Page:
Now we get into the third question used by CRA in evaluating SR&ED claims. We covered the first question here and the second one here. The third one has to do with whether the overall approach taken to resolve the technological uncertainties reflects “a systematic investigation” and includes testing the hypotheses through “experiment or analysis”. Today I aim to look at this question from an overview perspective, and in a subsequent post to examine it in more detail.
You can’t very well hypothesize how to resolve the uncertainties if you don’t know what they are. And you don’t know what they are if you have not identified your objectives. Further, you don’t know if your objectives are met unless you have standards or benchmarks against which you can measure your achievements. All these have to be determined and stated early in the project.
Once that is done, it is easier to identify a methodology of experimentation and/or analysis that seems suited to the resolution of the uncertainties and consequential achievement of the objectives.
Once the methodology has been used, it should be easy to identify the results achieved and to document them.
Experiment or Analysis
Part of that question addresses experiment and analysis. Perhaps the easiest way is to quote directly from CRA’s website.
Experimentation and analysis are approaches used to investigate hypotheses. Experimentation involves structured and organized tests and studies to obtain information in order to address the hypotheses. Experimenting involves not only testing and analyzing but also exploring the relationships between tests, explaining the results as they relate to the hypothesis, drawing conclusions, proposing a new hypothesis, or conducting additional tests. Such experimentation can include work on the evolution of prototypes or models.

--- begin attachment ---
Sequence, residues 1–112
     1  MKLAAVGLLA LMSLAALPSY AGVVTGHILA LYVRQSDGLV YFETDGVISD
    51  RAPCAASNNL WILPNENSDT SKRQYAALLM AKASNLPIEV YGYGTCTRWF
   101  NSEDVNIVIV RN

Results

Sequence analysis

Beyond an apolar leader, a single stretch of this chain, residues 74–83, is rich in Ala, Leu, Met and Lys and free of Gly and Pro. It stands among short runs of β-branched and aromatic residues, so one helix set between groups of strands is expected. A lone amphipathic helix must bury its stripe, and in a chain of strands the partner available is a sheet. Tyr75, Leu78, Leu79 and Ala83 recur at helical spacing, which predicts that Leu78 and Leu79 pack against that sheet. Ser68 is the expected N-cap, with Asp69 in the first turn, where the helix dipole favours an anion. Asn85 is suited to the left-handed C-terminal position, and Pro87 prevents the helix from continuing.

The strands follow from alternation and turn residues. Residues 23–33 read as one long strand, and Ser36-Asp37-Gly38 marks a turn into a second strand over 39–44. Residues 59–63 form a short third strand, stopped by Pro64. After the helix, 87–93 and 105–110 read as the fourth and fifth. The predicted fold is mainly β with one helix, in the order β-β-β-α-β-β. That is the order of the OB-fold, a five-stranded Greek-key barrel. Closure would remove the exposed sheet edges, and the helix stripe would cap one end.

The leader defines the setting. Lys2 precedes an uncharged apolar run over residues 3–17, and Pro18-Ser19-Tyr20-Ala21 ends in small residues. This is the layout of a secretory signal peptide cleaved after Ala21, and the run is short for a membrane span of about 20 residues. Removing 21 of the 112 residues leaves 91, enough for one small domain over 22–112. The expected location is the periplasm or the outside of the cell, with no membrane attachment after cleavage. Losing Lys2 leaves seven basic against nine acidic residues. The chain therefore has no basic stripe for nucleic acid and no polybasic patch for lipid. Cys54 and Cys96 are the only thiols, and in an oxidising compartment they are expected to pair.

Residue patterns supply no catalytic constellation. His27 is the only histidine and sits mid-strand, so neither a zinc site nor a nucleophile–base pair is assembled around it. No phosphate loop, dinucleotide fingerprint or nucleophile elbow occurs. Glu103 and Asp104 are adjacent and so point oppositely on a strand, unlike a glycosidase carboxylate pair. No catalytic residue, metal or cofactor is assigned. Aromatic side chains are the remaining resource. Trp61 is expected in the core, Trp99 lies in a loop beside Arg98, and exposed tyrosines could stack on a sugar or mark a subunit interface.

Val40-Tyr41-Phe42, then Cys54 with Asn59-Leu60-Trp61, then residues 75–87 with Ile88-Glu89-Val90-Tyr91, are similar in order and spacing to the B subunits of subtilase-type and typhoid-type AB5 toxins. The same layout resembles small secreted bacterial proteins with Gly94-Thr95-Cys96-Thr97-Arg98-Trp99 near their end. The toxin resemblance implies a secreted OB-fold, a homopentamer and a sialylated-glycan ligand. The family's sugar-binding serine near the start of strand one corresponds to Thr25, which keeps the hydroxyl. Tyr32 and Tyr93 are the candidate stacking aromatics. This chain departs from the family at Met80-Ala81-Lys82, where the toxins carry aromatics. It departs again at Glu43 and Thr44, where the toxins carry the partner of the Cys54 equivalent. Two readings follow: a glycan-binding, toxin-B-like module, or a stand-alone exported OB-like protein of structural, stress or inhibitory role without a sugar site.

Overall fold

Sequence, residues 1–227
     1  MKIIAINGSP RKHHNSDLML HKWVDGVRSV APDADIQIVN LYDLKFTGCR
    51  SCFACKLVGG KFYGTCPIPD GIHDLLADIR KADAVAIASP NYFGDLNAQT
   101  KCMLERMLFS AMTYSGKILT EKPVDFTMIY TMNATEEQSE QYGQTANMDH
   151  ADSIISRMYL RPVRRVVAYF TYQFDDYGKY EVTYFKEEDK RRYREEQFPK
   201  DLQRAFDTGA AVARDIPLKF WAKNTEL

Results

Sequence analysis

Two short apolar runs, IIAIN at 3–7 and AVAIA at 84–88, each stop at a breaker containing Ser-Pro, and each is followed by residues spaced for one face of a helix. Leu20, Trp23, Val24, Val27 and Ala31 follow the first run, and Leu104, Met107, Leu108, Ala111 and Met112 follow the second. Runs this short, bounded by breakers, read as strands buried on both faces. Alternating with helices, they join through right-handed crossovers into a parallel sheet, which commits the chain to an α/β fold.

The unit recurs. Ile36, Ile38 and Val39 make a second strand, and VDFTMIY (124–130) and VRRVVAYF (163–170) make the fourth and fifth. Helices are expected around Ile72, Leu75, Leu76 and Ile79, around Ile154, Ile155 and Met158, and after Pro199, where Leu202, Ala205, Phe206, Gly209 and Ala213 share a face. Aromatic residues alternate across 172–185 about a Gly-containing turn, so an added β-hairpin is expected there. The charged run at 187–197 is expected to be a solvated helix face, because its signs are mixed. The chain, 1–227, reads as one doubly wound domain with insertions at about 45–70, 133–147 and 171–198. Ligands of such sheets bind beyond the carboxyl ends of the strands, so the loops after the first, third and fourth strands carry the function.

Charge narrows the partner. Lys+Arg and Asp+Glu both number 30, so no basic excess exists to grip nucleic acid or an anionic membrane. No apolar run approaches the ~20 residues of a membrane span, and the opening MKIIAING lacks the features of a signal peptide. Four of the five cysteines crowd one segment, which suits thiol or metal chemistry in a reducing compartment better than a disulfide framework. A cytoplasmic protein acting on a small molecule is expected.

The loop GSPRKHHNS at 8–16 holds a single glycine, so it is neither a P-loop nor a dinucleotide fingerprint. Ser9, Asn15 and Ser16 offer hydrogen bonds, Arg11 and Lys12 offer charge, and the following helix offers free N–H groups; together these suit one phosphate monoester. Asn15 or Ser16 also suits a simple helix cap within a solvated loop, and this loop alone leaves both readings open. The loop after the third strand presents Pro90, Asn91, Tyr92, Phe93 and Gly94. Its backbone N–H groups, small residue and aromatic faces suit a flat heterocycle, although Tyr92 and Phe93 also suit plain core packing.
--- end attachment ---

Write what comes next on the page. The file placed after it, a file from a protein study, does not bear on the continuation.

Analysis is the detailed examination of information to differentiate the various parts of a whole, determine their attributes, or explain their relationships. It is performed against the background of available knowledge and experience and it involves using tools such as models, graphs, statistics, tables, diagrams, mathematical formulas, and computer programs to express this knowledge or experience. Analysis is an integral part of a systematic investigation or search and it can be used to generate or test a hypothesis.
Experimentation and analysis are not to be confused with “trial and error”. The purpose of the systematic investigation involving experimentation and analysis of the outcomes is to obtain understanding of relationships between the factors involved. Trial and error addresses What. SRED addresses Why and How. CRA expects that this work has been done by people qualified, by reason of experience or formal training, to perform the experimentation and analysis.
View the 4th SRED eligibility question.
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